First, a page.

Serena overcomes injury drama; Henin rolls into quarters

Jul 2, 2007 - 7:42 PM WIMBLEDON, England (Ticker) -- For all the talk about Serena Williams' fitness, she has done some of her best work wounded.

After capturing the Australian Open title despite not being in shape, Williams dealt with a severe left calf injury before capturing a gritty 6-2, 6-7 (2-7), 6-2 victory over No. 10 Daniela Hantuchova in the fourth round at Wimbledon on Monday.

Williams was helped by a rain delay of more than hour near the end of the second set, displaying a lot more of mobility as she hammered big serves and ground strokes to carry her in the decisive set.

With the match tied at 5-5 in the second set, Williams fell to court with an apparent cramp before being attended to by the medical staff. At one point, the 25-year-old shrieked in pain while being treated.

Williams eventually struggled to stand before Hantuchova aced a serve and won another point to go ahead, 6-5. After a turnover where she had her calf wrapped, Williams shockingly held serve despite a severe lack of mobility, even firing an ace to force the tiebreaker.

The American was trailing 4-2 in the tiebreak when the rain started. After the delay, Williams came out with leggings. It appeared as if both of her calves had been wrapped.

Although Hantuchova swept through the first five points en route to taking the tiebreaker and a 1-0 lead in the third, Williams fought back behind some very powerful shots.

After breaking in the sixth game for a 4-2 edge, Williams overcame a tough challenge on her own serve before Hantuchova ended the match by dumping a backhand into the net off a strong return of serve by the American.

The timing of the injury seemed ironic for the two-time Wimbledon champion, who was forced to discuss what kind of shape she was in following her rout of Milagros Sequera in the third round on Friday.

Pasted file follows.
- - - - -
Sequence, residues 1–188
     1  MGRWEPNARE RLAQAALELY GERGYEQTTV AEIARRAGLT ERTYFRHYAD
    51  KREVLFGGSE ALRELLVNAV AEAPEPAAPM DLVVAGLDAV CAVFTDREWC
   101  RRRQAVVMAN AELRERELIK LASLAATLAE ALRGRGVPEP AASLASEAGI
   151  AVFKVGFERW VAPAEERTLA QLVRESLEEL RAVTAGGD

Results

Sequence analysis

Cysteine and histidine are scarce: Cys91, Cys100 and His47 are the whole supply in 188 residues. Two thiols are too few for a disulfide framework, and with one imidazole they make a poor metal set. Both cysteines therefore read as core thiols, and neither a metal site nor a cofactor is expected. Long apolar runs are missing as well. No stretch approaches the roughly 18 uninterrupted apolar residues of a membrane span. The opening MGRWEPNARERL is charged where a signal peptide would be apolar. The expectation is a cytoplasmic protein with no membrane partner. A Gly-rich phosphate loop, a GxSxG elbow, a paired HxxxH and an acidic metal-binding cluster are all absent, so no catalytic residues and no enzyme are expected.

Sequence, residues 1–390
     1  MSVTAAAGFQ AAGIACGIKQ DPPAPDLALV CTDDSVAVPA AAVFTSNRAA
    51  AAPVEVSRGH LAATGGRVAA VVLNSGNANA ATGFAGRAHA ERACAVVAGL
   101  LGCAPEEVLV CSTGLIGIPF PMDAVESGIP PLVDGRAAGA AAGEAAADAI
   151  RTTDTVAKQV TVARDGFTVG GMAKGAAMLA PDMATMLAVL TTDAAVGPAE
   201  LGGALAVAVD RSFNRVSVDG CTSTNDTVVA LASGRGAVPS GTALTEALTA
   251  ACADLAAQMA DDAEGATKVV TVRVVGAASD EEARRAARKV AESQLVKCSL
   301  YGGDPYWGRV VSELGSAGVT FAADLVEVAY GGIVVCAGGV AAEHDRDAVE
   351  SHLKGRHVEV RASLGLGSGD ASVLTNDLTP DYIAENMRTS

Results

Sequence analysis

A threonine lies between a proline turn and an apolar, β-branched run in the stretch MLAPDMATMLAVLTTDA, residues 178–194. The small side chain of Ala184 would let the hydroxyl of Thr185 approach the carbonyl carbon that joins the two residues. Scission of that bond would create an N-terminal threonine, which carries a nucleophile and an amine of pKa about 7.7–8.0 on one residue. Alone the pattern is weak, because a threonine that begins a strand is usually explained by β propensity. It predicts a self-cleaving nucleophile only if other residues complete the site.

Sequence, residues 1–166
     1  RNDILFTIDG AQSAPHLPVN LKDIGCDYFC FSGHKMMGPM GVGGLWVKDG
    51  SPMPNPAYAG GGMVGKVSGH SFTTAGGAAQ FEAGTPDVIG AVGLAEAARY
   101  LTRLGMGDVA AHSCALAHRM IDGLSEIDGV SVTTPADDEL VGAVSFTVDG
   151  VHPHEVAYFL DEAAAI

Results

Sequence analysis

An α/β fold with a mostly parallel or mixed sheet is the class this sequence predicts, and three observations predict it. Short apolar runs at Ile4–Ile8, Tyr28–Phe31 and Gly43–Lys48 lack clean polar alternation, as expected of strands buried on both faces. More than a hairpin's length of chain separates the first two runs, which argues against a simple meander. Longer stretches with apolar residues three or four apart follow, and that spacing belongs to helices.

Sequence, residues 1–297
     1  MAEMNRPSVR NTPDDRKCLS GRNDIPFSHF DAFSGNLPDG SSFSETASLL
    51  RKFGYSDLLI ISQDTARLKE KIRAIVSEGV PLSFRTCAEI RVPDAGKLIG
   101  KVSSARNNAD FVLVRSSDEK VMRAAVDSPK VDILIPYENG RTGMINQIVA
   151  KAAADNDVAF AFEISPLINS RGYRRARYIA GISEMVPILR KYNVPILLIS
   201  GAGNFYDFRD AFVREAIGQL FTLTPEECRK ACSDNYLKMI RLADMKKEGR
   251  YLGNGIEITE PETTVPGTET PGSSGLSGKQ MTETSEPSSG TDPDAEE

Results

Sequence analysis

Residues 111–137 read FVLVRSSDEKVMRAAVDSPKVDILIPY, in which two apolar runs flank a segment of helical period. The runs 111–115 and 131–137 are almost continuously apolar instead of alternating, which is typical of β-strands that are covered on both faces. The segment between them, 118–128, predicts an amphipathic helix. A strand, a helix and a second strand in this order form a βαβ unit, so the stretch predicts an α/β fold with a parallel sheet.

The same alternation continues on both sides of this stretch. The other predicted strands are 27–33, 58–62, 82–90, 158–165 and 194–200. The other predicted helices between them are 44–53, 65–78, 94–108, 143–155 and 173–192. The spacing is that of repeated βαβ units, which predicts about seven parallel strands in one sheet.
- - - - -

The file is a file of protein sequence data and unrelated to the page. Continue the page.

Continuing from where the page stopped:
While she was able to battle past a tough situation of Monday, the task will only get tougher for Williams as her matchup with the top-seeded Justine Henin looms in the quarterfinals.

Henin appears near the top of her game, especially after an easy progression into the last eight that included a 6-2, 6-2 win over Patty Schnyder on Monday.

Already winning both the Australian and French Opens, Henin is in search of her first Wimbledon crown.

There are two other fourth-round matches that are starting to begin, including one featuring third-seeded Jelena Jankovic of Serbia.

A semifinalist at the French Open, Jankovic is scheduled to face No. 18 Marion Bartoli of France.

Also, American Laura Granville is squaring off with Michaella Krajicek of the Netherlands. Granville is coming off an upset of No. 9 Martina Hingis in the third round on Friday.

Henin has barely broken a sweat in the tournament so far, and if Schnyder's world ranking of 15 promised some kind of challenge, it was quickly swatted away under dark skies at the All England Club.

"I was a little bit surprised that the match was that quick, you know," Henin said. "I was ready to have a good fight. Even if I knew that it's not the best surface (for) Patty, I thought I was really focused on my serve.

"It was pretty tough conditions out there; very windy. But I could keep control of the match. I could take it at the beginning of the match and keep it till the end. It's been very positive for me."